Saturday, January 14, 2017

Stubs - The Endless Summer

The Endless Summer (1966) Starring: Mike Hynson, Robert August. Narrated by Bruce Brown. Directed by Bruce Brown. Written by Bruce Brown. Produced by Bruce Brown.  Run Time: 95 minutes. United States. Color. Documentary

If you have ever eaten at an Island’s Restaurant, no doubt you’ve seen footage of snow skiers and surf riders that they used to show on an almost endless loop. They can be fascinating to watch. If you’re expecting The Endless Summer, Bruce Brown’s ode to traveling the globe looking for the perfect wave, to be more of the same, then you will be sadly mistaken. There is much more to The Endless Summer than simply footage of surfers and waves, though there is plenty of both.

Bruce Brown was no novice to filmmaking, having begun in 1957 after his discharge from the Navy with the film Slippery When Wet, a film he was paid $5000 to make to promote the Velzy surf team, sponsored by Dale Velzy, then the self-proclaimed “World’s Largest Manufacturer” of Surfboards. An avid surfer himself, Brown would document the rise of what was then a cult sport, as he continued to make movies: Surf Crazy (1959), Barefoot Adventure (1960) and Surfing Hollow Days (1961).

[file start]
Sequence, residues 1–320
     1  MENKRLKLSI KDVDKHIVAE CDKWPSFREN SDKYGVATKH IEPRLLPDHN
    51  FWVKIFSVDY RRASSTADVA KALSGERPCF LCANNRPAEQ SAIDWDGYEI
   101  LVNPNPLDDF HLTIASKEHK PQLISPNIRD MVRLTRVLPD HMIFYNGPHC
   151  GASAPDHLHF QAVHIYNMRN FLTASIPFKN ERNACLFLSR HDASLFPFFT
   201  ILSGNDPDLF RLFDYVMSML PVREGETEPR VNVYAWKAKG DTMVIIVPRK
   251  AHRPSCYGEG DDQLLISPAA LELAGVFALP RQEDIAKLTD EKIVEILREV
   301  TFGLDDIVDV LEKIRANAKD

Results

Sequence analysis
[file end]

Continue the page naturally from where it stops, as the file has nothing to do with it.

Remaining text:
For five years, the pattern had been pretty much the same. Brown would shoot a film during the fall and winter months, edit during the spring and take the film on a four-wall tour during the summer. By 1962, he was thinking if he could spend longer making a film, but he knew he would need more money. To raise the $50,000 he figured he would need, he had made Water-Logged (1962) from what he thought was the best footage from his previous films.

The original intention may have been to make a film about surfing in South Africa, but during the planning stages that idea changed. When he approached a travel agent about tickets, Brown was informed that the price of a round-trip between Los Angeles and Cape Town would cost $50 more than just circumnavigating the globe. Suddenly, the film was expanded to the idea of following summer around the planet.

To make this film, Brown decided to take the first two surfers who could afford to pay their own ways. Those two, Mike Hynson and Robert August, portrayed as wholesome friends in the films, were anything but. Neither man knew the other before the filming.